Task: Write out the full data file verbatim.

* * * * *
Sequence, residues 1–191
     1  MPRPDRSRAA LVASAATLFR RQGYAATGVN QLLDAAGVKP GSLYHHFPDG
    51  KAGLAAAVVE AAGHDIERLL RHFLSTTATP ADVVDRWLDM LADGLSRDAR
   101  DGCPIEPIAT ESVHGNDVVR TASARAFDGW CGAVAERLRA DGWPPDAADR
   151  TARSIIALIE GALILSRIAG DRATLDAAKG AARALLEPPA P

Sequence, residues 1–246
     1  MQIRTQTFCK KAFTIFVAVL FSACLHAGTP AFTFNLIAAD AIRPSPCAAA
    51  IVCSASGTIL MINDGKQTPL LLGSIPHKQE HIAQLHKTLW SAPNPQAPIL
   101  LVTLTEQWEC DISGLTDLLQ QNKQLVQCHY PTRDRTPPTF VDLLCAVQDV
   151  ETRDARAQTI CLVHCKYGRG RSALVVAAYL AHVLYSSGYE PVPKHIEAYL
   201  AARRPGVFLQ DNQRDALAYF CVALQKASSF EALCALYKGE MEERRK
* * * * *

Sequence, residues 1–191
     1  MPRPDRSRAA LVASAATLFR RQGYAATGVN QLLDAAGVKP GSLYHHFPDG
    51  KAGLAAAVVE AAGHDIERLL RHFLSTTATP ADVVDRWLDM LADGLSRDAR
   101  DGCPIEPIAT ESVHGNDVVR TASARAFDGW CGAVAERLRA DGWPPDAADR
   151  TARSIIALIE GALILSRIAG DRATLDAAKG AARALLEPPA P

Sequence, residues 1–246
     1  MQIRTQTFCK KAFTIFVAVL FSACLHAGTP AFTFNLIAAD AIRPSPCAAA
    51  IVCSASGTIL MINDGKQTPL LLGSIPHKQE HIAQLHKTLW SAPNPQAPIL
   101  LVTLTEQWEC DISGLTDLLQ QNKQLVQCHY PTRDRTPPTF VDLLCAVQDV
   151  ETRDARAQTI CLVHCKYGRG RSALVVAAYL AHVLYSSGYE PVPKHIEAYL
   201  AARRPGVFLQ DNQRDALAYF CVALQKASSF EALCALYKGE MEERRK